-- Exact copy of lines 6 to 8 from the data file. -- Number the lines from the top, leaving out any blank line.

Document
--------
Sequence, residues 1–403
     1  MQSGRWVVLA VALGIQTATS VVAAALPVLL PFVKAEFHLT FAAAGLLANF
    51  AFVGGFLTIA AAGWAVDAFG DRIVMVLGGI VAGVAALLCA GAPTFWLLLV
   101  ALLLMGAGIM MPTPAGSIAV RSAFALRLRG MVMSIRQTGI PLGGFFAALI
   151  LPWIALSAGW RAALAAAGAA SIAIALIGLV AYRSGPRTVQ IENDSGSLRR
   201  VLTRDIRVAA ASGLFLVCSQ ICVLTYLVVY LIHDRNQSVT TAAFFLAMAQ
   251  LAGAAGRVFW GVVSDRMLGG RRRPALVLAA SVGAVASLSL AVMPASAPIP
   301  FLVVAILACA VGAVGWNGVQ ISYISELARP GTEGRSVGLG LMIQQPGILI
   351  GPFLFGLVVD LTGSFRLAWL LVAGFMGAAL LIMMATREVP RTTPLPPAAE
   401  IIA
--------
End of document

   201  VLTRDIRVAA ASGLFLVCSQ ICVLTYLVVY LIHDRNQSVT TAAFFLAMAQ
   251  LAGAAGRVFW GVVSDRMLGG RRRPALVLAA SVGAVASLSL AVMPASAPIP
   301  FLVVAILACA VGAVGWNGVQ ISYISELARP GTEGRSVGLG LMIQQPGILI